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Saturday, June 09, 2018

Developing Strong Teams: Raising the Collective Genius and Serving Students Better

This photo illustrates the success of one big project that multiple educators in our extended fifth grade team contributed too. The efforts of so many invested educators, students, family members, community members, and administrators made this a successful project. 
For the past three years, I've worked in a shared teaching model. Three classroom teachers work together to teach all the fifth graders at our school. Together we design a program that meets system and state-wide standards and expectations. We work to create and promote a quality program that's holistic, culturally proficient, rigorous, engaging, and inclusive. We aim to teach every child well.

Our program has many different structures including the following:
  • Rotations for specific subject areas, projects, and topics
  • Team days when the whole grade level is focused on a similar learning objective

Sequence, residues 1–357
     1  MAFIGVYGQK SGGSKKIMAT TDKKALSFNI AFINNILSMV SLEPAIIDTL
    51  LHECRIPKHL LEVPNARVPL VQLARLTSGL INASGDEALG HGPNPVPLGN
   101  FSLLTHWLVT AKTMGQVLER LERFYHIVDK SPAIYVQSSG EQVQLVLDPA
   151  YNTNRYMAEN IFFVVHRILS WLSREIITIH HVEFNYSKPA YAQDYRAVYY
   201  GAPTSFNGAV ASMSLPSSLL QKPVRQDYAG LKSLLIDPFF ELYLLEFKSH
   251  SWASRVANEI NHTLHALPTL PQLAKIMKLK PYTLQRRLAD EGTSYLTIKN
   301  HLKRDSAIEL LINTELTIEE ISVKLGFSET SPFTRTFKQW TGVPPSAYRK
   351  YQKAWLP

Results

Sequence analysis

• Response to Intervention (RTI) times when students are separated into lots of different short-term, flexible groups based on needs, interests, and abilities .
  • Field studies and special events.
The three classrooms are located next to each other so there is an easy flow of students and teachers from one classroom to another. We typically house materials related to specific disciplines and projects in each classroom so every classroom has a bit different feel to it, and all students get to experience all three classrooms and teachers.

Overall our many informal and formal assessments point to success with this model. Standardized test scores have been good. Family response has been positive. Students have been happy.